I like to fish midge patterns, particularly when at tailwaters or when I want to throw something that looks innocuous.
I’ve written before that Midge Larvae are a big part of my fly boxes. They work well as part of an indicator or Euro-style rig.
I also like them as part of a dry-dropper set-up when targeting spooky trout in shallow water; there’s no splash from a small dropper fly that has minimal weight. This approach has been particularly deadly at the Farmington when the water is low and there’s a Trico, BWO or Midge hatch.
One pattern I’m tying for my next Deerfield River outing is Pat Dorsey’s Mercury Midge. He is a noted author, guide and angler, who often fishes tailwaters out west. I’ve had good luck with this pattern, as well as a slight variation, the Miracle Nymph.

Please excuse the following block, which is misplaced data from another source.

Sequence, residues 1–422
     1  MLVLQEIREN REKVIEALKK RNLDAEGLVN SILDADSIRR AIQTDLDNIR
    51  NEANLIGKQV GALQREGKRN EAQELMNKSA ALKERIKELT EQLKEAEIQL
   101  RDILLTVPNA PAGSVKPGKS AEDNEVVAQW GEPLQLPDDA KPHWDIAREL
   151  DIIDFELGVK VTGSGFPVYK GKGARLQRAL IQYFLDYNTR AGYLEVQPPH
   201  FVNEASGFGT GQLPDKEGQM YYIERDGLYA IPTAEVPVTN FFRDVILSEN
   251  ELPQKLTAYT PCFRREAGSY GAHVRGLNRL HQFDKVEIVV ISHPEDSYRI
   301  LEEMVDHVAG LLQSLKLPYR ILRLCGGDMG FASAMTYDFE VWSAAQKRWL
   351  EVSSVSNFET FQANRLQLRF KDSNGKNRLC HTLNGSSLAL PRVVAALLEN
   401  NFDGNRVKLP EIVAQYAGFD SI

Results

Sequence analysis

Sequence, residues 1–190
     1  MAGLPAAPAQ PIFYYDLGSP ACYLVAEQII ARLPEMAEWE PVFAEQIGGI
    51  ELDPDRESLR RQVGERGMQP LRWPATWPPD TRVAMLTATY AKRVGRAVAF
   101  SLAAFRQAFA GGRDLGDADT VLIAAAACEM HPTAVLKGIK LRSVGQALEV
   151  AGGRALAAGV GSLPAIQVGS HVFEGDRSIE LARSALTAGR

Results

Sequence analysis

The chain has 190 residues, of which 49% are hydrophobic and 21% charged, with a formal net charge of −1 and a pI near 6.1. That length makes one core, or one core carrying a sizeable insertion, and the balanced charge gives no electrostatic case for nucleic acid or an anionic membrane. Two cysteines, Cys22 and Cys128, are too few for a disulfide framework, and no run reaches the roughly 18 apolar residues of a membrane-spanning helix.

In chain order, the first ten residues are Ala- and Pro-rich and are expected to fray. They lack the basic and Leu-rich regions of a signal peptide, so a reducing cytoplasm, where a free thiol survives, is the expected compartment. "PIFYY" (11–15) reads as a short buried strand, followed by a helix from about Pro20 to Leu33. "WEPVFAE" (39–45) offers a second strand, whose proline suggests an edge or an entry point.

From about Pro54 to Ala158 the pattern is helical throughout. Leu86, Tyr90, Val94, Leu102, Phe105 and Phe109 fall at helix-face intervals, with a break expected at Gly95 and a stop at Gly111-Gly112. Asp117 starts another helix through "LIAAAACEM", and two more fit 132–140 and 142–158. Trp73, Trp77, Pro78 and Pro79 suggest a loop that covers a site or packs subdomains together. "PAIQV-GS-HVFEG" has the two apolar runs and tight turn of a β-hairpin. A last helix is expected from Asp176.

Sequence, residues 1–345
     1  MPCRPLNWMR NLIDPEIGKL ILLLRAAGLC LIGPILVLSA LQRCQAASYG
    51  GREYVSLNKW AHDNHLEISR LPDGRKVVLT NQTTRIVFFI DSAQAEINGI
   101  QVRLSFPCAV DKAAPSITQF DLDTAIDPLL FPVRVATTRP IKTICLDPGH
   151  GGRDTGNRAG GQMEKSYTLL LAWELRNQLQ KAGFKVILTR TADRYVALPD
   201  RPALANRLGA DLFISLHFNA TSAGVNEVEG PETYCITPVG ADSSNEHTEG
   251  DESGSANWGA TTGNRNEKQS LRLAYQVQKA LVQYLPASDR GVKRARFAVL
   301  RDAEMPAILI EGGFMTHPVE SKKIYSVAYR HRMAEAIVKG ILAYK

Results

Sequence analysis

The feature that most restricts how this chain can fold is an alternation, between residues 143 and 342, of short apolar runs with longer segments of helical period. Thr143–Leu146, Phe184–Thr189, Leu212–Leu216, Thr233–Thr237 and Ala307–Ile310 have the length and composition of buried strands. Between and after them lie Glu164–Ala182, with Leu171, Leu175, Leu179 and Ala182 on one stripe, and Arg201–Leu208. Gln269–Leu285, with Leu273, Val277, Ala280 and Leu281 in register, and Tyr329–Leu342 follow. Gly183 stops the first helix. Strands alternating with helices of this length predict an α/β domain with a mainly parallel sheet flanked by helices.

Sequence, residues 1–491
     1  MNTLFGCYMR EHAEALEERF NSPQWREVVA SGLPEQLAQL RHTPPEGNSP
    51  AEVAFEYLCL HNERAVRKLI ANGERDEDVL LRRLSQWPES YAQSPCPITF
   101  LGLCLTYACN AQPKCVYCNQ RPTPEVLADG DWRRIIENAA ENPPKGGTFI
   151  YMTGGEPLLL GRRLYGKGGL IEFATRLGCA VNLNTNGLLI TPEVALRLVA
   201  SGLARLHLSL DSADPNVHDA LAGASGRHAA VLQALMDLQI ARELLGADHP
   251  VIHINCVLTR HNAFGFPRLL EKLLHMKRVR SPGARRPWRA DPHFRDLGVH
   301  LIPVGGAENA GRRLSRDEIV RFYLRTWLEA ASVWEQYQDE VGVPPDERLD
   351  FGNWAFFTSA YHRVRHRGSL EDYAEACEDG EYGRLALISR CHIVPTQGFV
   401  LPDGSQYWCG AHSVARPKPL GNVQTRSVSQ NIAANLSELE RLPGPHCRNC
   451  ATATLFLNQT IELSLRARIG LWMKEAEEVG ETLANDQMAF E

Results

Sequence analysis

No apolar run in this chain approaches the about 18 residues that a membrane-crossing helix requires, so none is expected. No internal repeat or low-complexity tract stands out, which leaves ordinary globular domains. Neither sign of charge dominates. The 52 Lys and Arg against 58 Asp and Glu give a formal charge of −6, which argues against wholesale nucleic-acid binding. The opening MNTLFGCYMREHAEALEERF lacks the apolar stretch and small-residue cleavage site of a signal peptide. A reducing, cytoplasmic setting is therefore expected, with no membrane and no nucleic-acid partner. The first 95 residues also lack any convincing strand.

The Mercury Midge is a simple tie. I really like it on a curved nymph hook, as these bugs tend to be long and skinny. The glass bead adds a bit of flash and just enough “no splash” weight to get the fly down when on a dry-dropper. It’s very stealthy.
For midge patterns, I like making them in a variety of colors. Sometimes, the trout prefer one over the others, and, it’s hard to know ahead of time what they’ll like.
Here is the materials list, complete with links:
- Hook: Curved nymph hook, size 20 or 22
- Thread: UTC, 70 denier, white (black, red, and olive-brown work, too)
- Ribbing: UTC Ultra wire, copper, extra small
- Bead: Glass, clear or silver, extra small
I make this fly with a slight taper. I don’t think the trout care, but, I just like the look. Sometimes, I tie flies both for the fish and for myself.